Acknowledging that God is God, even when we’re hurting, opens our heart to have Him comfort us, and opens our eyes to see beyond our present hurt.  As the writer of Hebrews said, God indeed rewards, but only to those who believe in Him and seek Him.  Like Job, we must throw ourselves on God’s mercy, & rest in His arms.

A Path Beyond the Pain

Often the path of opening our heart to God in our pain is a gradual one.  Step by step we are able to realize more, accept more, & be healed.  Here are some steps we can take with God in our pain:

Pray:  Cry out to God, and ask for His comfort and wisdom.

Meditate: Focus on passages in the Bible (like Job or the Psalms) where people are suffering and relating to God.  Memorize Scripture, or repeat an affirmation like:  My Poppa, out of His great love for me, allowed this pain in my life, for my good and His glory.

Read: Several good books on the problem of pain include The Problem of Pain by C. S. Lewis, Pain: The Gift Nobody Wants by Philip Yancey & Paul Brand, & Suffering and the Sovereignty of God.

Write: Journal your thoughts, your prayers, your insights, & God’s comfort.

Share: Open up to a few trusted friends & allow them the privilege of ministering to you in your pain.

Release:  Eventually, you will be able to release the pain and hurt.  It can’t be put into words how to do it, but you will know when it happens, for the pain will no longer have any power to hurt or imprison you.  You will be free.

Pain is a problem for all of us.  Let’s all help each other, to comfort, to heal, & to grow as we deal with the pain we face in this life.

Walking with God Through Adversity: Seven Lessons from the Heart of Hannah


The book of 1 Samuel begins with the story of a remarkable woman of God named Hannah.  As I meditated on her life I marveled at her heart towards God.  This woman’s simple faith allowed her to walk with God through her deepest valley.  God placed her story in  Scripture as an example of how a follower of God walks with Him through adversity.  Here are seven lessons we can all learn from the heart of Hannah:

Lesson One: Acknowledge God’s Sovereignty

“the LORD had closed her womb.” (v.5)
The very first thing we learn about Hannah is that she knew ”the Lord had closed her womb.” It’s clear that she and her husband saw her infertility as being under God’s sovereign hand. Without any help from sophisticated theology textbooks or philosophy courses, they were able to see the obvious truth that the being who created the universe must also be the being who orders its every event. Acknowledging God’s control over all our life’s circumstances is the essential first step to a life of walking with Him.

Lesson Two: Affirm God’s Righteousness

Next, we can see that Hannah saw God as righteous.  Even in her deepest distress, she never accused God of being unloving or unjust. There is nothing in her prayers to suggest she cried out, “Why did you do this to me?” Her attitude parallels Job 1:22, where the Bible says that Job never “charged God with wrong.” If the first step of walking with God is to accept that He is in control, the second step must be to affirm Psalm 145:17 that, “the Lord is righteous in all his ways
and kind in all his works.”

Lesson Three: Keep Following in God’s Ways

“So it went on year by year. As often as she went up to the house of the Lord”  (v.7)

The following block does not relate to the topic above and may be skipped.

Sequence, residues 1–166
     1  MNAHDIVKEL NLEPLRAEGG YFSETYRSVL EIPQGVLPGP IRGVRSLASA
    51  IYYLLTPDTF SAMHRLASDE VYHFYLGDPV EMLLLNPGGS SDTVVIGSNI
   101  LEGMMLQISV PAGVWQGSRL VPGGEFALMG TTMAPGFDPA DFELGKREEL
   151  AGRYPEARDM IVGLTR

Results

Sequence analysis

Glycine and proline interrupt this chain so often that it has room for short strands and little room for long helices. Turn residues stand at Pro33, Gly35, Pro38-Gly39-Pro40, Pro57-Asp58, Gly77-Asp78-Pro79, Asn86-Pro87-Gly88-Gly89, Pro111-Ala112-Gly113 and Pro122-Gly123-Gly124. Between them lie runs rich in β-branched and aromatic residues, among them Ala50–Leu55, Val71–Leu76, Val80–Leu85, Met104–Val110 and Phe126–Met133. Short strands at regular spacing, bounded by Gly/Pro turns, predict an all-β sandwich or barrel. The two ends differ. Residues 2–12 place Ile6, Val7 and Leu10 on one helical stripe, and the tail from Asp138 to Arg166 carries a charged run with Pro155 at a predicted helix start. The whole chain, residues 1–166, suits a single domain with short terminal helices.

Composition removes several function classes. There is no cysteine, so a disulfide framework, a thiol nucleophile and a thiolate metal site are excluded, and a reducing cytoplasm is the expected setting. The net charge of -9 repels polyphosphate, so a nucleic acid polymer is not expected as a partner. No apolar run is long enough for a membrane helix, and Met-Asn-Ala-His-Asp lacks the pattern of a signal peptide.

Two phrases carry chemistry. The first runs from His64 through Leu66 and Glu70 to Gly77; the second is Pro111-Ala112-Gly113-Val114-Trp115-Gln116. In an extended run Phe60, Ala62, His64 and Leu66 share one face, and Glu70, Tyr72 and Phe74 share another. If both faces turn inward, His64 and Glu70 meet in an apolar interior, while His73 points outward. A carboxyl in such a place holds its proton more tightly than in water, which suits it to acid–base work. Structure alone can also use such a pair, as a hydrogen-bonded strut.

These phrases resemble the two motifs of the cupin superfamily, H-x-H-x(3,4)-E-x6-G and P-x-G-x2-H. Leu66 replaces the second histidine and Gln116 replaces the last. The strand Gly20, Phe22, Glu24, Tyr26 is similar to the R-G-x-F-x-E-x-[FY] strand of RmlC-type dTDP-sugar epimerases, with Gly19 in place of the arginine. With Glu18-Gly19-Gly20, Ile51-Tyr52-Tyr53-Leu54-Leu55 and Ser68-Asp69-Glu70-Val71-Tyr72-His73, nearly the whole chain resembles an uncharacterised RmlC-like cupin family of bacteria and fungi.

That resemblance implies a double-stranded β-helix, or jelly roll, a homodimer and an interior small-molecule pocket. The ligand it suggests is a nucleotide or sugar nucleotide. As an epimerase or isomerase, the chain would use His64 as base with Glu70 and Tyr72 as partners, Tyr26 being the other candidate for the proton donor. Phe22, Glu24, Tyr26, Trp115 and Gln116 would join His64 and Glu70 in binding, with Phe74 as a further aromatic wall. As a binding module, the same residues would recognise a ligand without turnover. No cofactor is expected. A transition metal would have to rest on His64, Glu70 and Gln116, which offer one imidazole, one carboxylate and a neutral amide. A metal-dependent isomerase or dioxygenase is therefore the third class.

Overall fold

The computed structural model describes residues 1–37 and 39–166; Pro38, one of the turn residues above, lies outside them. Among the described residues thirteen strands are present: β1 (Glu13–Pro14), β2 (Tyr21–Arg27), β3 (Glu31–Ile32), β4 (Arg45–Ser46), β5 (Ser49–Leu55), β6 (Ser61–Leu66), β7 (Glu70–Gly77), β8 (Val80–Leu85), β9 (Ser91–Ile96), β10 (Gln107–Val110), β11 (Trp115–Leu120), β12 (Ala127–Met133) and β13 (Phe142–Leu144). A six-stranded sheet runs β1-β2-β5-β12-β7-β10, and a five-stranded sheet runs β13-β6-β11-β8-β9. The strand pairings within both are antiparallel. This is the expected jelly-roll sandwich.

When confronted with deep soul pain, many people make the choice to walk away from God. Not Hannah. Year after year, she remained faithful to worship Him, even if it meant traveling to Shiloh with another woman who delighted in making her miserable. She could have feigned illness, or could have outright refused to go. Instead, she continued to obey God’s commands year after year after year, fully knowing how hard the road of obedience sometimes was. 

Lesson Four: Go to God With Your Pain

“She was deeply distressed and prayed to the Lord and wept bitterly.” (v.10)
Acknowledging God’s sovereignty and righteousness and remaining faithful to Him does not mean we have to stuff away our pain or pretend it doesn’t hurt. God is a loving Father and He both understands our pain and desires that we pour out our heart to Him. Hannah, David, even Jesus in the Garden freely poured out their pain to God.  He always received them, and He will always receive us.  We can freely pour out our heart to God.

Lesson Five: Ask God to Intervene

O Lord of hosts, if you will indeed look on the affliction of your servant…” (v. 11)
Trusting that God knows best does not mean we do not ask for our desires. God does not answer to Hannah, “Why are you asking me for a child?” For that matter, can you remember anytime God reprimanded anyone for asking Him for a good thing? No, that is not the way of a loving Father with His children. Part of walking with God is putting our requests before Him every day.

Lesson Six: Trust God With All Your Heart

I will give him to the Lord all the days of his life (v. 11)
Hannah’s vow here is not an example of mere crass bargaining with a deity. No, it is a mighty expression of her faith. Hannah declares to God that she knows that He can open her womb, and that she is more than happy to respond to His grace with her faith in dedicating this still future child to Him.

Lesson Seven:  Let Your Joy in God Transcend Your Own Desires

Lastly, Hannah’s song of joy in 1 Samuel 2 shows us that her joy in God transcended her own desire to keep her son by her side. There is no hint of regret or misgiving in dedicating her beloved son for the sake of the Kingdom.  She rejoices in God and sings:

My heart exults in the Lord;